Lavin, Mary, (1912-1996.) | Southern Illinois University Special Collections Research Center
Mary Lavin, author of exquisitely told short stories, was born in East Walpole, Massachusetts on June 11, 1912. When she was ten, her parents moved to Ireland. An only child, she felt a fierce childish resentment for what had always been home - New England. She began to love Ireland at age fourteen when the family moved to Bective House in County Meath where she spent many hours roaming the long dark passageways and lonely rooms reading Russian novels, acquiring a sensitivity that was never to leave her.
She was educated at Loreto Convent, Stephen's Green, Dublin, and the National University of Ireland at Dublin, where her M.A. thesis on Jane Austen won her first class honors. Though beginning a study of Virginia Woolf for her Ph.D., and attracted to the scene of literary activity, she never considered becoming a writer herself. As she related, "I still conserved a curious naivete - that literature was written by the dead. But one day someone spoke casually of having taken tea with Virginia Woolf. I was strangely struck by this information and all during the day from time to time I found myself wondering what Virginia Woolf was doing. It must have been when I realized that she might be at her desk writing that my mind finally made the connection between work and the hand that wrote it. I turned over the typescript of my thesis, which I was correcting at the time and wrote my first short story on it." Her first story, "Miss Holland" was awarded the James Tait Black Memorial Prize.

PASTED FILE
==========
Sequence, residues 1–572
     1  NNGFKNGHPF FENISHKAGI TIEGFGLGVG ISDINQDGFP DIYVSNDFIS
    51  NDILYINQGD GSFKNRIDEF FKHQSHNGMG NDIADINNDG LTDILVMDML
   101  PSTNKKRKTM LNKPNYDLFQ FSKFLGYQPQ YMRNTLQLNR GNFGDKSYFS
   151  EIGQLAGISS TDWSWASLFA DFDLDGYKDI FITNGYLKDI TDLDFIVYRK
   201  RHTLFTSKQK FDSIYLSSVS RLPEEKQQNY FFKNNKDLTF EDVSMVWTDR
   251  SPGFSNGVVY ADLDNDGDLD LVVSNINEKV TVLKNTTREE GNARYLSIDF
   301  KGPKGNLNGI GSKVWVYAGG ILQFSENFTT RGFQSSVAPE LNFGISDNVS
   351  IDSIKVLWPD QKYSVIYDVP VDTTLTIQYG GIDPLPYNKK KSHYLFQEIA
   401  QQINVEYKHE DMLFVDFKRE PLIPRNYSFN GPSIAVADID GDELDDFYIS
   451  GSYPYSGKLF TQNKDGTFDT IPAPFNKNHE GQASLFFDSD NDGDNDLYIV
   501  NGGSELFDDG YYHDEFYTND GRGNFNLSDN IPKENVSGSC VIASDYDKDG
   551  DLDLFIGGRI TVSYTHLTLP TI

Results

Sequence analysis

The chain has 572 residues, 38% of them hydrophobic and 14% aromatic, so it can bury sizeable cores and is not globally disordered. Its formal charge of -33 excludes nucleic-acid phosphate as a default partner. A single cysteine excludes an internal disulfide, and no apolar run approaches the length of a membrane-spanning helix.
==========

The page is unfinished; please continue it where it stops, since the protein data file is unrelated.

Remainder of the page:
In September 1942 she married William Walsh, a lawyer, who later entered politics. They had three children. Following her husband's premature death, Ms. Lavin devoted her energies to running the farm, rearing her children, and like Jane Austen, continuing her writing on the kitchen table in the evening. Her stories have been published in the
The New Yorker,
and other fine magazines, as well as in collected volumes. She is also the author of two novels:
The House in Clew Street
Commended for her strength as a woman and as a writer of succinct stories, Ms. Lavin continued to write in Ireland. "In my life," she related, "writing never came first; now however, that my other tasks are nearly done I find my work is gaining in importance for me every day. This is perhaps because of the diminishing ratio between the stories left to write and the time left to write them."